The International Monetary Fund (IMF), concerned with the world’s rising debt profile, has urged governments to use the current strong economic growth to strengthen their finances, warning that high debt makes governments’ financing vulnerable to sudden changes in market sentiments.
“Countries should use the window of opportunity afforded by the economic upswing to strengthen the state of their fiscal affairs,” the IMF advised in its blog, the IMFBlog, Wednesday 18, 2018.
The IMF said global debt hit a new record high of $164 trillion in 2016, the equivalent of 225 percent of global GDP, and that both private and public debt have surged over the past decade.
“High debt makes government’s financing vulnerable to sudden changes in market sentiment. It also limits a government’s ability to provide support to the economy in the event of a downturn or a financial crisis,” it said, adding that the April 2018 Fiscal Monitor explores how countries can reduce government deficits and debt in a growth-friendly way.
Of the $164 trillion, 63 percent is nonfinancial private sector debt, and 37 percent is public sector debt, with advanced economies responsible for the most global debt, it said.
However, the fund pointed out that in the last ten years, emerging market economies have been responsible for most of the increase with China alone contributed 43 percent to the increase in global debt since 2007. In contrast, the contribution from low-income developing countries is barely noticeable.
High levels of sovereign debt could make it difficult for governments to refinance when their debt reaches maturity, especially if financing conditions tighten, the IMF said, warning that large debts also impede the ability of nations to increase spending if their economies fall into recession, and may cause a drag on growth.
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“Countries with elevated government debt are vulnerable to changing financing conditions, which could hinder their ability to borrow, and put the economy in jeopardy. Furthermore, historical experience shows that high debt and deficits in a country increase the depth and duration of a recession—such as in the aftermath of a financial crisis—because governments are unable to deploy sufficient fiscal support to the economy, as discussed in the October 2016 Fiscal Monitor,” it noted.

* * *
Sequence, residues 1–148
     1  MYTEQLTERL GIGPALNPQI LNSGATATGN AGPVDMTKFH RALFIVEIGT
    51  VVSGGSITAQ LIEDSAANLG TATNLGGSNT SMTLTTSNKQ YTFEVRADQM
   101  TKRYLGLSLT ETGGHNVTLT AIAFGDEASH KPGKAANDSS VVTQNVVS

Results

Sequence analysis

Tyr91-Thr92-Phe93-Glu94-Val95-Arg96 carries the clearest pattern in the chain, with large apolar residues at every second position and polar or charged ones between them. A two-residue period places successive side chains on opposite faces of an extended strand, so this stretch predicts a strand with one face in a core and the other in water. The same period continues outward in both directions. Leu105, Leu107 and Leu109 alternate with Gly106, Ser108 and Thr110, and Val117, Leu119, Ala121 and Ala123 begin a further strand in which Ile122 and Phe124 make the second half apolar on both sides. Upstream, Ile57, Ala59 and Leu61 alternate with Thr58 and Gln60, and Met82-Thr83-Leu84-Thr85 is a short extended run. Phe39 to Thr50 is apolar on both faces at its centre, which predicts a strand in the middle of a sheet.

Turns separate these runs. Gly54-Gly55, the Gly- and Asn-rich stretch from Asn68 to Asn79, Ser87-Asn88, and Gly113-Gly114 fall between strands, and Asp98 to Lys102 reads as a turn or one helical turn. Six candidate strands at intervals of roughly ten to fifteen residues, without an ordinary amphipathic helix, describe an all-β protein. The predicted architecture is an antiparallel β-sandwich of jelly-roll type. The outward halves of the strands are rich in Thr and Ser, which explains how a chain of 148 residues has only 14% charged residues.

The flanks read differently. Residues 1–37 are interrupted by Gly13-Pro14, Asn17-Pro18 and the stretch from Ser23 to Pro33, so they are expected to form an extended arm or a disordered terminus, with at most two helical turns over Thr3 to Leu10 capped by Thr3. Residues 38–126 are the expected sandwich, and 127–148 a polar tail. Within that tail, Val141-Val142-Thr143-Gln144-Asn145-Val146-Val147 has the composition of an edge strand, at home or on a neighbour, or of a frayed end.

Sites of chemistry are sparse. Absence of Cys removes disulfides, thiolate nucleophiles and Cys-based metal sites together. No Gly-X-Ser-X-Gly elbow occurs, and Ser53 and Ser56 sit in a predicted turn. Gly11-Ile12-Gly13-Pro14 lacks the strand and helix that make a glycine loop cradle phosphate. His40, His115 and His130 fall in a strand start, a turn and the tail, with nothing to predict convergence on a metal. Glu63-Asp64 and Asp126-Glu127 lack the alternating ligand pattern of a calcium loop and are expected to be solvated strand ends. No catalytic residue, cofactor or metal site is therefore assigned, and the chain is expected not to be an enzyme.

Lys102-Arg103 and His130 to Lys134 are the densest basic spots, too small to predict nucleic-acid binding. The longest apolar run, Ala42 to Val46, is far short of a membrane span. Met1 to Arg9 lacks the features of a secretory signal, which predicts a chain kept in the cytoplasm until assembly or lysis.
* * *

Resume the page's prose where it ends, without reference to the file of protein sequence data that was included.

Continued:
The IMF said countries should take decisive action to rebuild their fiscal buffers so they can increase spending during hard times. The fund urged the U.S., whose budget deficit is expected to surpass $1 trillion by 2020, to “recalibrate” its fiscal policy so government debt-to-GDP levels decline over the medium term.
On what should fiscal policy do, it said its forecasts indicate that debt-to-GDP ratios would come down over the next three to five years in most countries. But this hinges on countries delivering fully on their policy commitments. There is no room for complacency.
“In the April 2018 Fiscal Monitor, we urge policymakers to avoid fiscal policies that provide unnecessary stimulus when economic activity is already picking up. Instead, most advanced, emerging market, and low income developing countries should deliver on their fiscal plans, and put deficits and debt firmly on a downward path. They should also enact fiscal reforms that increase productivity and promote human and physical capital.
“It is imperative that low-income developing countries strengthen their tax capacity. This will allow them to service their debt. It will also allow them to finance spending priorities—such as health, education and public infrastructure—to attain the 2030 Sustainable Development Goals.
“No one can predict the ebb and flow of countries’ economies. Prudent and successful governments prepare in good times to face the storms looming on the horizon,” it posited.
Frontpage December 4, 2018